What is an Esophagus
The esophagus is a muscular tube through which the bolus travels from the mouth to the stomach.
The process begins at the top of the esophagus when peristalsis, the involuntary movements of circular and longitudinal muscles, starts and draws the bolus further into the Gastrointestinal (GI) tract. This mechanical action further breakdown the size of foodstuff and increases exposure to digestive secretions. Muscular actions depends on the four layers of tissues that form the tube of the GI tract. The mucosa is composed of mucous membrane and forms the inside layer. Digestion depends on the blood vessels and nerves of the submucosa is a thick layer of muscle tissue called the muscularis. The outer most layer of the GI walk is made of serous membrane called serosa, which is actually the visceral layer of the peritoneum that lines the abdominal pelvic cavity and cover organs.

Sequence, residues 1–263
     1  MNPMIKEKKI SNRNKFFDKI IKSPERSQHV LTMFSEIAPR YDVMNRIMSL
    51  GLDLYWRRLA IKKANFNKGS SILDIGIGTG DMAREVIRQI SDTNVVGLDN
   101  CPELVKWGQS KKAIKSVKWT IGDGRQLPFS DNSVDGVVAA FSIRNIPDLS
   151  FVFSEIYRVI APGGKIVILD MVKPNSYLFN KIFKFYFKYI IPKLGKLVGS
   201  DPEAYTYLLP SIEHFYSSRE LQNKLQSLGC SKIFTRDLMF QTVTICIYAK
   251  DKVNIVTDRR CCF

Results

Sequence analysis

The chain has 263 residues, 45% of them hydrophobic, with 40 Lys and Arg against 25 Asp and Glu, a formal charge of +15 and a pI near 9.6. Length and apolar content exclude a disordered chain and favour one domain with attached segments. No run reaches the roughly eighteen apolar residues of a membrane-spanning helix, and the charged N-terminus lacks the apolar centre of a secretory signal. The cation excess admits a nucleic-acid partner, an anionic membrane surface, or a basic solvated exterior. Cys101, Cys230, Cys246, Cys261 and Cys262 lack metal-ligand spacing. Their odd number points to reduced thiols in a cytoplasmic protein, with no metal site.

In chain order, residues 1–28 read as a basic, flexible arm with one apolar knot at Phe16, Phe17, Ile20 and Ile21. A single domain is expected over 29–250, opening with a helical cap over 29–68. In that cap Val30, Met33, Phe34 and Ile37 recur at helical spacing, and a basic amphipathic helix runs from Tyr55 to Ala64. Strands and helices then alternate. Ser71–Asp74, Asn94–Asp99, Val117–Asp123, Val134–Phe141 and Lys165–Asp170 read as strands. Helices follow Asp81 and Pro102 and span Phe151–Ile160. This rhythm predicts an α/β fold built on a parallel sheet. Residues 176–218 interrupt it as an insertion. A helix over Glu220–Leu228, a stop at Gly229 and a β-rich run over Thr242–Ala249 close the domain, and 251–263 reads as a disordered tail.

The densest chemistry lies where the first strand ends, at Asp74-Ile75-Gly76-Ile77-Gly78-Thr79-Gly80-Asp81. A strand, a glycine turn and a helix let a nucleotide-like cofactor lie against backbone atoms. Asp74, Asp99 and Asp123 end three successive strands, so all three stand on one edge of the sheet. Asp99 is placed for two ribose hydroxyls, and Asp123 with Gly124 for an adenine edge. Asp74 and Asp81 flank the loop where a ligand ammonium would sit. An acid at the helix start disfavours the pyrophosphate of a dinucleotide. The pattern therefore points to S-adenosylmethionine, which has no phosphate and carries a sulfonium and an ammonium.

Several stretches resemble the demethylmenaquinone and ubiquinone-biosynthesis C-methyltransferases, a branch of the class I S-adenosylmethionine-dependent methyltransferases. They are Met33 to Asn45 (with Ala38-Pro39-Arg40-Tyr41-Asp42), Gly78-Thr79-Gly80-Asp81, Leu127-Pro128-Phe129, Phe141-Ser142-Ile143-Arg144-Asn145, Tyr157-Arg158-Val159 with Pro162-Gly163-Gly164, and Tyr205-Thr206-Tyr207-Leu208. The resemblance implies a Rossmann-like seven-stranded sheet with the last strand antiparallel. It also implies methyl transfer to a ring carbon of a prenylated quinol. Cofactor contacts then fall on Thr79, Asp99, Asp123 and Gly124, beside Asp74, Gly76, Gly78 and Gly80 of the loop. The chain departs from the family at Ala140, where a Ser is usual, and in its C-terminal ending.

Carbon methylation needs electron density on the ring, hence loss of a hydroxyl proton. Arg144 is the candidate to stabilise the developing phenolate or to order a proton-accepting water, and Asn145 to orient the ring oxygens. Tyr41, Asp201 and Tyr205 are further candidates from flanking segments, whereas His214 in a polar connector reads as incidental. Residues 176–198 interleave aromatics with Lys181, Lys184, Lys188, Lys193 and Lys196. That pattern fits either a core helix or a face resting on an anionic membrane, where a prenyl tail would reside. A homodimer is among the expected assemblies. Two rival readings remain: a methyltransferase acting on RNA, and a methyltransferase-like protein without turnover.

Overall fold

The coordination of these layers provide the varied movements required for digestion. Essentially, muscular action controls the movement of the food mass through the GI tract. Churning action within a segment of the GI tract allows secretions to mix with food mass. Circular muscles surround the GI tube. Rhythmic contractions of these muscles cause wavelike motions of peristalsis that move food downward. Longitudinal muscles run the circular and longitudinal muscles causes segmentation as a forward and backward movement. Sphincter muscles are stronger circular muscles that act as valves to control the movement of the food mass in a forward direction. In effect, sphincter muscles prevent reflex by forming an opening when relaxed and closing completely when contracted at the bottom of the esophagus, the cardiac sphincter controls the movement of the bolus from the esophagus into the movement of the bolus from the esophagus into the stomach. It also prevents the acidic contents to the stomach from moving upward back through the esophagus.